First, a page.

[Answered] Technology has been proposed as a silver bullet by many to solve the problem of custodial deaths. Do you think, technology is an effective solution against custodial deaths?

Introduction: Contextual introduction.
Body: Explain how technology is an effective solution against custodial deaths. Also write some of its challenges.Conclusion: Write a way forward.

Custodial death primarily refers to death in police custody and judicial custody. India has a grim record in police brutality and custodial violence. Between 2001 and 2018, 1,727 persons died in police custody, but only 26 policemen were convicted for such deaths. Custodial deaths are common despite enormous time and money being spent on training police personnel to embrace scientific methods of investigation.

Technology as an effective solution:

  • Body cameras could hold officers liable. Deception detection tests (DDTs), which deploy technologies such as polygraph, narco-analysis and brain mapping, could be valuable in learning information that is known only to a criminal regarding a crime.
  • Among the DDTs, the Brain Fingerprinting System (BFS) is an innovative technology which has proved helpful for solving crimes, identifying perpetrators, and exonerating innocent suspects.
  • Robots equipped with AI and sensor technology can build a connection with the suspects, utilise persuasive techniques like flattery, shame and coercion, and strategically use body language.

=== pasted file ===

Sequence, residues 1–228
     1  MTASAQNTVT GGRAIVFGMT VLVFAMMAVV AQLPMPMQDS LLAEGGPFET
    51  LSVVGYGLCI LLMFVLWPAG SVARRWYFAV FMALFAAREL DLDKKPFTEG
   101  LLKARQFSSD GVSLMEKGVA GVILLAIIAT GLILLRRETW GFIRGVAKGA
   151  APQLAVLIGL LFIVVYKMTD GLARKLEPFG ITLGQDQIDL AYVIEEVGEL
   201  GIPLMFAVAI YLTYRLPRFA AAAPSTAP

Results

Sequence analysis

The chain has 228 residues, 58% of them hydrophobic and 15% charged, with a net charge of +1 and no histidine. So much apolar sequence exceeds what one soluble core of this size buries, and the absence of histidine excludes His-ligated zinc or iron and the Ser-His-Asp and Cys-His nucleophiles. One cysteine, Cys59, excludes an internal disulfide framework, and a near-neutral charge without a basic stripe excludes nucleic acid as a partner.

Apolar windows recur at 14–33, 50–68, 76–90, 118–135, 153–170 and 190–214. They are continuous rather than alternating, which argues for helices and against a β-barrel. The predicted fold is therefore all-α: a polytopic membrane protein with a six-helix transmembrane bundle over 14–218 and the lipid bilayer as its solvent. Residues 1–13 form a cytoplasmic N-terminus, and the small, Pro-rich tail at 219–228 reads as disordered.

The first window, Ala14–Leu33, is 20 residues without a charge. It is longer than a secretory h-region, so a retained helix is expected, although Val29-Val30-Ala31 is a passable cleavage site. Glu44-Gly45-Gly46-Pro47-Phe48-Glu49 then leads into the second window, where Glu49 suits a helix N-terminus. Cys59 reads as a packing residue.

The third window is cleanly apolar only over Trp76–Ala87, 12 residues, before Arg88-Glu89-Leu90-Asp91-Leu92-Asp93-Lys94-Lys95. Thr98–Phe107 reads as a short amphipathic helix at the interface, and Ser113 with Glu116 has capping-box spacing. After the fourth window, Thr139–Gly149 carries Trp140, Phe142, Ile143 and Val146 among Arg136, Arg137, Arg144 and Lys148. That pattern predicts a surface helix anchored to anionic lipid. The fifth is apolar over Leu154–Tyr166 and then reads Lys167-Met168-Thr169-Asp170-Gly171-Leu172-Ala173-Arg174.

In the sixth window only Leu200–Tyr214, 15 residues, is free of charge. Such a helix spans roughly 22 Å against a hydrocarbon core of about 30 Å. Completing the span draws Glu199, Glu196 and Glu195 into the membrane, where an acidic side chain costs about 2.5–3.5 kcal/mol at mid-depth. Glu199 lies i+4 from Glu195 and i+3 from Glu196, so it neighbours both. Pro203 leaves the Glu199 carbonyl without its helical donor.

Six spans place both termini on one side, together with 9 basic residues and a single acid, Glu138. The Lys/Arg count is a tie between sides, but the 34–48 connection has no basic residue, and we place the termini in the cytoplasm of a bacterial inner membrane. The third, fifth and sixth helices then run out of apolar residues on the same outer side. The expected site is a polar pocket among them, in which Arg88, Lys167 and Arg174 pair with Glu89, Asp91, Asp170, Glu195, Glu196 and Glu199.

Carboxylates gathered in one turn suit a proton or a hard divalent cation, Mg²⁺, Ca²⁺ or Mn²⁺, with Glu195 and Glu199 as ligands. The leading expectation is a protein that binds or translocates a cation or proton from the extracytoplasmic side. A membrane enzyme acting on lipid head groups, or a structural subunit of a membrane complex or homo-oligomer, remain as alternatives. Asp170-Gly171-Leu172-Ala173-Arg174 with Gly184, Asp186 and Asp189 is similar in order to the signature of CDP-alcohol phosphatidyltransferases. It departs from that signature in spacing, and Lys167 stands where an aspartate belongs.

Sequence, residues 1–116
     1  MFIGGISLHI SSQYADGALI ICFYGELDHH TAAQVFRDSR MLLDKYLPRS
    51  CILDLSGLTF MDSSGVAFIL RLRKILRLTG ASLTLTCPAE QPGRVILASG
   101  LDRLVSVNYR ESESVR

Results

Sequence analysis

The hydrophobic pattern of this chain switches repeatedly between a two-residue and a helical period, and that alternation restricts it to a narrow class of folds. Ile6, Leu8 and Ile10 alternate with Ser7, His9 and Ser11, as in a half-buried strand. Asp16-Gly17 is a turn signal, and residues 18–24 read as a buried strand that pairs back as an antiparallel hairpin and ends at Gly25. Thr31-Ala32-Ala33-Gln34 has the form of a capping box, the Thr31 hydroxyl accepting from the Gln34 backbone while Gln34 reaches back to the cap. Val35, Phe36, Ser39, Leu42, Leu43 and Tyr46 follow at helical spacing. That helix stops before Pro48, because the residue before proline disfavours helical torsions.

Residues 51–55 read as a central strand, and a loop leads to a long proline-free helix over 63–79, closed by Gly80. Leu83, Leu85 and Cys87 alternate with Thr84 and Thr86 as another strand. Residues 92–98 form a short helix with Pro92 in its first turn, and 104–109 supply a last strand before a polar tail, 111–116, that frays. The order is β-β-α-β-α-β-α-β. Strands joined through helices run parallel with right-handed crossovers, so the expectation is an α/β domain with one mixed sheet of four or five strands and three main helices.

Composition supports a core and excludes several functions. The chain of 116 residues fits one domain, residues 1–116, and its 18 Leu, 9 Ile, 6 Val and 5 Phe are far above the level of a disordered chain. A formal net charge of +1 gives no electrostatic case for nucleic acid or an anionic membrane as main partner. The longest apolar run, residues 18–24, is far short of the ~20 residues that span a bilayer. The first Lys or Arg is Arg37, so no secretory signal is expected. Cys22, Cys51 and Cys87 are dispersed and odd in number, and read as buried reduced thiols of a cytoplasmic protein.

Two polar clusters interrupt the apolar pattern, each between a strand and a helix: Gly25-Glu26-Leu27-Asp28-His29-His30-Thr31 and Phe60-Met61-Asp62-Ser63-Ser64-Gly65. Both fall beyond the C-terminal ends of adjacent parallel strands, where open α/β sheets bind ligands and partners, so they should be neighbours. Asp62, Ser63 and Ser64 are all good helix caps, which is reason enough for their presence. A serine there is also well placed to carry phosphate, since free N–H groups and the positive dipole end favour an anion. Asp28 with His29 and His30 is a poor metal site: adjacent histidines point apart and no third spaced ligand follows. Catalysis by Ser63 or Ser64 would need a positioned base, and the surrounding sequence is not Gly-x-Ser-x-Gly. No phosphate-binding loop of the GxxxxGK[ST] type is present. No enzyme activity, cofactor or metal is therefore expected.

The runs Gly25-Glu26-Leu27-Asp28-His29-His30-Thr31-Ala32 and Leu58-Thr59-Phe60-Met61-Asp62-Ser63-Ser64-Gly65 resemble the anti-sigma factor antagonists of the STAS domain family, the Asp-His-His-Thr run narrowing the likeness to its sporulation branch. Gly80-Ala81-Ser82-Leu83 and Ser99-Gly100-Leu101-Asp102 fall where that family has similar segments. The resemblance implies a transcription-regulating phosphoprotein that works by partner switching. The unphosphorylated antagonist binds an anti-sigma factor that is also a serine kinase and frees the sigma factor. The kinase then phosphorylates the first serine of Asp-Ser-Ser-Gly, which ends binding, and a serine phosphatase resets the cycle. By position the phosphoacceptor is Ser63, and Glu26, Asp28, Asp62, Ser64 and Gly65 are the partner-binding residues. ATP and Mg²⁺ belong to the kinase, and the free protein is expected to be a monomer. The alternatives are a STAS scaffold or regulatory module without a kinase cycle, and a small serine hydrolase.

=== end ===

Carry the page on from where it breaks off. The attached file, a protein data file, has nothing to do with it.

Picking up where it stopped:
• The HCI (human-computer interaction) system uses visual, auditory, near-infrared and other sensors to scrutinise a suspect’s eye movements, voice, and other qualities throughout an interaction. The aggregation of information and its analysis by the system have been highly accurate.
  • AI can detect human emotions and predict behaviour. Machine learning (ML) can in real-time alert superiors when police are meting out inhumane treatment to suspects.


  • As the BFS is high-end technology, it is expensive and unavailable in several States.
  • In 2010, the Supreme Court, in Selvi v. State of Karnataka, made the evidence inadmissible as state cannot perform narco analysis, polygraph, and brain-mapping tests, on an individual, without his consent. However, if consent has been acquired, BFS tests can be part of the evidence.
  • Although technological solutions might provide comfort and transparency, it can never address the underlying issues that lead to custodial deaths.
  • There exists the risk of bias, the threat of automated interrogation tactics, the danger of ML algorithms targeting individuals and communities, and the hazard of its misuse for surveillance.

What we need is the formulation of a multi-pronged strategy by the decision-makers encompassing legal enactments, technology, accountability, training and community relations. The Law Commission of India’s proposition in 2003 to change the Evidence Act to place the onus of proof on the police for not having tortured suspects is important in this regard.

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